Bruce Springsteen – Wrecking Ball

2012 sees the welcome return of that patron saint of American rock, Bruce Springsteen. A summer world tour will follow the release of his 17th studio album Wrecking Ball – which sees Springsteen fall back on his tried and tested American themes – this time applied to the recent experiences of the banking crisis, overseas wars, and domestic political turmoil – but with much the same overriding sentiments.

Wrecking Ball has been put on a par with Born To Run (1975), Nebraska (1982) and Born In The U.S.A. (1984) – not just classic Springsteen albums, but some of the greatest records in modern music. These are frighteningly high standards, and I knew I had to gear up for my first listen. I bought the album on the Monday it was released, but across a busy week I declined to play it, lest I should be unable to hear it all at once. But, come Sunday morning I had nothing to do, and with the sun shining brightly, I grabbed my iPod and took off…

The opening track, and lead single ‘We Take Care Of Our Own’ starts with a reflection on the kind of driving rock arrangement that typifies Springsteen’s music, and the same kind of semi-ironic message that made Born In The U.S.A so misunderstood. So, just in case you didn’t get it in 1984 – the idea is that America is full of ideals that are always reiterated but not always maintained. Get the picture? You may continue…

The title track ‘Wrecking Ball’ was written as a response to the demolition of Giants Stadium, but speaks to the political issues that come with the recession also. The destruction of the stadium will never erase its former glories, and that becomes a metaphor for his native New Jersey also. Despite the absence of war in the average towns and cities of America, ‘Death To My Hometown’ implies that the actions of the bankers on Wall Street (labelled ‘fat cats’ and ‘bastards’), have been just as destructive.

But it’s in ‘Jack Of All Trades’ that Springsteen really does his theme justice. With a simple piano accompaniment (resembling ‘O Holy Night’) he takes on the voice of the average middle-American, recalling his haunting acoustic album Nebraska. He laments being made redundant by the economic recession, but survives nonetheless by doing odd jobs that crop up. “I take the work that God provides/I’m a Jack of all trades/Honey we’ll be alright.” And there’s no doubt as to who’s to blame for it: “The banker man grows fat/Working man grows thin/It’s all happened before/And it’ll happen again.” Ever since he started telling the stories of blue collar working life in his early 1970s records, Springsteen is guaranteed to stand up for the everyman – and here it is done with such heartbreaking empathy, you will believe his words, and feel his imagined pain.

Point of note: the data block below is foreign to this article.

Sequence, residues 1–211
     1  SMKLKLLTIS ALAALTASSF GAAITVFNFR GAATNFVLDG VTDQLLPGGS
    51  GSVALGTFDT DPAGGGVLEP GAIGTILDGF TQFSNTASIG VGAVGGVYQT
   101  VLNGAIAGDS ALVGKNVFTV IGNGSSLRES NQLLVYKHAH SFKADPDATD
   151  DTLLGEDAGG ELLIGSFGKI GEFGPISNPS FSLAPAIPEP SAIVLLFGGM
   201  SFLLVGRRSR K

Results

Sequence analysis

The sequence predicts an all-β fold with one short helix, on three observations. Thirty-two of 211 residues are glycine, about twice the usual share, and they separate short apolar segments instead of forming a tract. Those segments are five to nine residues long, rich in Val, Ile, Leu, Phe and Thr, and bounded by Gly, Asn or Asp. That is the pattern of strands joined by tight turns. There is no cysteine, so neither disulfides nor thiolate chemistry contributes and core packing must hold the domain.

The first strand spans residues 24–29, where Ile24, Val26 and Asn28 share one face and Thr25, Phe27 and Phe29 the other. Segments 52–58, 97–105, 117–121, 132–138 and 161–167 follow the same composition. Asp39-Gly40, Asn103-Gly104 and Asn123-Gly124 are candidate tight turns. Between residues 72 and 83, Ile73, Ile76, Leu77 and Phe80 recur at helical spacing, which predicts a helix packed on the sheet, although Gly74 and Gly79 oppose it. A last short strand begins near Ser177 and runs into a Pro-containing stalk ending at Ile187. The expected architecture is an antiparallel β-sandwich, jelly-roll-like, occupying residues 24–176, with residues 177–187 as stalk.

The final three tracks are simplistic reflections on the American journey. The refrain of ‘Rocky Ground’ is repeated for minutes on end – “We’ve been travelling over rocky ground, rocky ground”. The gospel choir, and featured vocalist Michelle Moore, directs the sentiment to the African-American experience, but Springsteen’s own voice recalls the various struggles he’s narrated throughout his career. ‘Land Of Hope and Dreams’ features a poignant moment – the only posthumous appearance of Clarence Clemons on saxophone, cut from a live recording before his untimely death last year. Finally, ‘We Are Alive’ is a rousing finale (sounding a bit like ‘Ring Of Fire’), celebrating those who died for the country – but the sentiment of the song is that nothing has been lost in vain, for everyone lives on in the spirit of the great nation that is the US of A.

One of the things I love about Springsteen is how he incorporates different American musical styles into his work. Tracks like ‘Easy Money’ and ‘Shackled and Drawn’ are fusions of blues and country, with a few Irish fiddles and tin whistles thrown in for good measure.  Then there’s the gospel choir and the semi-spoken rap on the beautiful ‘Rocky Ground’ which gives the record a bit of soul. There’s a bit of everything here if you listen close enough, though they blend so well together under Springsteen’s unmistakable artistry, you’d hardly notice it. They sound like shindigs in oversized bars and barns rather than the stadium sounds associated with The Boss in the past. There’s a wider message of universality delivered through this. America isn’t just a country of white guys and rock music – it’s a country of many colours and sounds, but they all live under the same flag. Be in no doubt, this is classic Springsteen, and 5 star stuff. I’ll be going out on that walk again…

Bruce Springsteen will tour the UK this summer; at Sunderland’s Stadium of Light, Manchester’s Etihad Stadium, Isle Of Wight Festival in June and London Hard Rock Calling in July.


2 thoughts on “Bruce Springsteen – Wrecking Ball

  1. Pingback: Bruce Springsteen @ Hard Rock Calling, London | Pop Culture Dandy

  2. Pingback: Bruce Springsteen @ Hard Rock Calling, London | Ben Kelly

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